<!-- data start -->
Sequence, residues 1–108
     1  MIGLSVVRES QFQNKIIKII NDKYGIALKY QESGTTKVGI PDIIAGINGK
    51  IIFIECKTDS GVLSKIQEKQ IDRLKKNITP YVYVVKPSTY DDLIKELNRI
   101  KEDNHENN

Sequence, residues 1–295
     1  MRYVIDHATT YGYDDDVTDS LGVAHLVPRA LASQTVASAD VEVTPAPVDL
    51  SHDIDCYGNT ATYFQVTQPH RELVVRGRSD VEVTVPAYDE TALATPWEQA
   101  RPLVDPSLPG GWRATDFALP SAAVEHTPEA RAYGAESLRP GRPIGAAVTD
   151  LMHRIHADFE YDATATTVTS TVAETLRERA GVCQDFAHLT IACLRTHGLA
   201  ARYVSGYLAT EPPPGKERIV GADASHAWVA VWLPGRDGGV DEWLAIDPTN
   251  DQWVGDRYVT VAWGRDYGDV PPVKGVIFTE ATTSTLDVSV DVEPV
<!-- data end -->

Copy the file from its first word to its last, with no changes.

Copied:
Sequence, residues 1–108
     1  MIGLSVVRES QFQNKIIKII NDKYGIALKY QESGTTKVGI PDIIAGINGK
    51  IIFIECKTDS GVLSKIQEKQ IDRLKKNITP YVYVVKPSTY DDLIKELNRI
   101  KEDNHENN

Sequence, residues 1–295
     1  MRYVIDHATT YGYDDDVTDS LGVAHLVPRA LASQTVASAD VEVTPAPVDL
    51  SHDIDCYGNT ATYFQVTQPH RELVVRGRSD VEVTVPAYDE TALATPWEQA
   101  RPLVDPSLPG GWRATDFALP SAAVEHTPEA RAYGAESLRP GRPIGAAVTD
   151  LMHRIHADFE YDATATTVTS TVAETLRERA GVCQDFAHLT IACLRTHGLA
   201  ARYVSGYLAT EPPPGKERIV GADASHAWVA VWLPGRDGGV DEWLAIDPTN
   251  DQWVGDRYVT VAWGRDYGDV PPVKGVIFTE ATTSTLDVSV DVEPV